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Ir1shguy

Everyone has the right to waste time doing what they enjoy just as much as you have the right to waste time bashing and abusing games and people you dont like.

It is still disappointing seeing some selfish people making posts like this about games they dont like and could easily avoid and insulting everyone that enjoys a game regardless.

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NeoWolf

This is potentially a very good thing, although whether it turns out that ways will depend upon what server aspects you can actually alter. Some of the things they show are really good, some of them less so..but I am hopeful, this seems like a decent update to look forward to.

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Greaterdivinity

This does absolutely nothing for me, but I’m happy for folks that will enjoy this more. Guess this update will just have Daily Ops improvements and I’m waiting on the winter update.

Seems neat though, especially if I had friends that played. Genuinely impressed with how much control it seems they’re giving players, and makes total sense that progress won’t be shared. The public worlds that Bethesda will make are neato for non FO1 folks too.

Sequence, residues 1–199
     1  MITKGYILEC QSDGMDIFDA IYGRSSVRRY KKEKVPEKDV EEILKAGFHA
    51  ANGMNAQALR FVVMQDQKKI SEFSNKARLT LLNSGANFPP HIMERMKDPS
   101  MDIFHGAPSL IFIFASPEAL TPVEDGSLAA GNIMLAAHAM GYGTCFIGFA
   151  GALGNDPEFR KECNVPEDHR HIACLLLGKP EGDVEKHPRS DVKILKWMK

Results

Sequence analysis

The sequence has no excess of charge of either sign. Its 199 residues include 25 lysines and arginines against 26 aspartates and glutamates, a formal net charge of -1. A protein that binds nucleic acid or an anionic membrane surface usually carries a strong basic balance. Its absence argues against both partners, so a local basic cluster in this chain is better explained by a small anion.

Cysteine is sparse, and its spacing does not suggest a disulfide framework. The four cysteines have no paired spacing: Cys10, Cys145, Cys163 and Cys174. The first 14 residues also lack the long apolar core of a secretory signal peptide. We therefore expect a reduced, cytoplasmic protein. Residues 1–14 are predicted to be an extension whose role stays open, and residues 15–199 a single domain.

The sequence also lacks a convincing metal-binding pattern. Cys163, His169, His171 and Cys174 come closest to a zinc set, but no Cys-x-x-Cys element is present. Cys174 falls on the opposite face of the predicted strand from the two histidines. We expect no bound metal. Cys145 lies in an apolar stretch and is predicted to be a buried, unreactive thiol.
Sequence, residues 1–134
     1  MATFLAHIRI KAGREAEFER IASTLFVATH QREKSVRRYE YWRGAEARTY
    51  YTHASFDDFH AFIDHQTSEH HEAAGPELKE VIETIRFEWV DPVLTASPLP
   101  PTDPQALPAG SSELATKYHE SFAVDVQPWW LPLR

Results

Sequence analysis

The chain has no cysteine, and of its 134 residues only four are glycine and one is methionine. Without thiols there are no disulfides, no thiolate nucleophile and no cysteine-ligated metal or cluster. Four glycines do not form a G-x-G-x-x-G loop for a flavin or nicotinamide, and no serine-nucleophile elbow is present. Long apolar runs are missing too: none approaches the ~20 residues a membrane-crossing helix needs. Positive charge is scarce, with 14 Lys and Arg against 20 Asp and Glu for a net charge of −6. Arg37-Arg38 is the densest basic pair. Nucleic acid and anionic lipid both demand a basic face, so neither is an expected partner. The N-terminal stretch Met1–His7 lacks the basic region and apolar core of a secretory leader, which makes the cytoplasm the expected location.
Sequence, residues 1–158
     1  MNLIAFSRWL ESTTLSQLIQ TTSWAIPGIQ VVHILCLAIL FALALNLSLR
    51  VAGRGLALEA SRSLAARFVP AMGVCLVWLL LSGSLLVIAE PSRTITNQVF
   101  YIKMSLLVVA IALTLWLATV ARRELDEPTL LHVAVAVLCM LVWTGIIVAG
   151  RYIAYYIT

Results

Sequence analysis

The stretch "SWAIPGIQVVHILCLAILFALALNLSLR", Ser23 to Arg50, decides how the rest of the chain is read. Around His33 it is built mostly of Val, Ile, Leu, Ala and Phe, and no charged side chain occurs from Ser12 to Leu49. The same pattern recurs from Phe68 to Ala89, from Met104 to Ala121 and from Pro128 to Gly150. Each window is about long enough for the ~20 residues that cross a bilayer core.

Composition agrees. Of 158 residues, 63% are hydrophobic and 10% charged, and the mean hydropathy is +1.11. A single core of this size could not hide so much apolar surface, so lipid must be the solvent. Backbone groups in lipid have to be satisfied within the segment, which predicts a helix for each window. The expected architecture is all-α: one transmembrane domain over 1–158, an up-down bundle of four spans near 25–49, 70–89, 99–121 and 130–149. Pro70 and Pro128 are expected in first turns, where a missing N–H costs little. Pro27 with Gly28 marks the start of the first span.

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DeadlyAccurate

I’ll just keep playing Minecraft in the meantime, on my own private server, modded the way I want.

If they ever stop trying to gouge the customer base, I’ll be happy to take a look at the game again.

Fisty
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Fisty

I would freaking hope you don’t need to be online for the server to be up. I can see it being down til someone connects, but requiring the owner on would be soooo dumb.

But then, if you can only start one with a 1st membership, but non subs can play, I can totally see them requiring the 1st member to be on.

This is so close, yet so far away. More studios should look at Minecraft’s popularity and realize the more servers = more copies sold = larger playerbase = more profit. At least in the short term while they take 2 years to come up with a solid map expansion. Private servers keep games alive as long as mods do. Bethesda of all places should realize the importance of this (glares at my 35th replay of modded Skyrim).

camren_rooke
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camren_rooke

Stealth archer again right?

Fisty
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Fisty

HAH! It always ends up that way.

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David Goodman

So close to what people actually wanted, and yet, so Bethesda….

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Tanek

Just another reminder for me that if Bethesda tries to pull any garbage with Starfield or TES6, that is likely the last chance they get from me.

If FO76 ever gets actual private servers not shackled to the cash shop, let me know. Not holding my breath, though. If they could retroactively tie the older Fallout games to the cash shop, I’m sure someone would be working on doing so.

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Greaterdivinity

What do you mean by “shackled to the cash shop”? I mean, it’s gated behind FO1 and the cash shop still exists, but they still exist and are playable as long as you have a friend to host the server.

If they could retroactively tie the older Fallout games to the cash shop, I’m sure someone would be working on doing so.